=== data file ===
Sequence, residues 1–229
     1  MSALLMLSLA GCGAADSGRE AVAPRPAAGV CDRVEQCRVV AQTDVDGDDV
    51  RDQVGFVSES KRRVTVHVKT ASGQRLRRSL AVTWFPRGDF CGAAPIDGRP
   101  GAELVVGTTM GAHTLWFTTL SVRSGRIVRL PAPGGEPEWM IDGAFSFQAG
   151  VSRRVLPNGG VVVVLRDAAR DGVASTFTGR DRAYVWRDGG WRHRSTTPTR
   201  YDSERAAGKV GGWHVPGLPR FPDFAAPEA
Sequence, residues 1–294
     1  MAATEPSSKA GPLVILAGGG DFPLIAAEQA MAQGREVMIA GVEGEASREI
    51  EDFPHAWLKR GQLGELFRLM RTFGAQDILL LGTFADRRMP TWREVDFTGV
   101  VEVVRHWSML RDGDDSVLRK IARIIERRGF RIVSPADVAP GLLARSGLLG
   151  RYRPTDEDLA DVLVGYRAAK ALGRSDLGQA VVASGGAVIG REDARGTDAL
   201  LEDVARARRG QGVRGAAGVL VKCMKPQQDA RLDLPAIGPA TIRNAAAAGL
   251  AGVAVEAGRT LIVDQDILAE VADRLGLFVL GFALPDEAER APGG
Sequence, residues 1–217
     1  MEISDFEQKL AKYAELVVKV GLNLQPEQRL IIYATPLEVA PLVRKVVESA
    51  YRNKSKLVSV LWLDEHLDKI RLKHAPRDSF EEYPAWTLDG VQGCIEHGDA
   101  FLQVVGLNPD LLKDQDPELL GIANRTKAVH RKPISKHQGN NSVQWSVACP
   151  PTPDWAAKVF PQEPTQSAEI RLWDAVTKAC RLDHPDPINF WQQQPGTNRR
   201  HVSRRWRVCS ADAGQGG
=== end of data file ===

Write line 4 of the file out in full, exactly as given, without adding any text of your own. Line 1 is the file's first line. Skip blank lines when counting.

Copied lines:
   101  GAELVVGTTM GAHTLWFTTL SVRSGRIVRL PAPGGEPEWM IDGAFSFQAG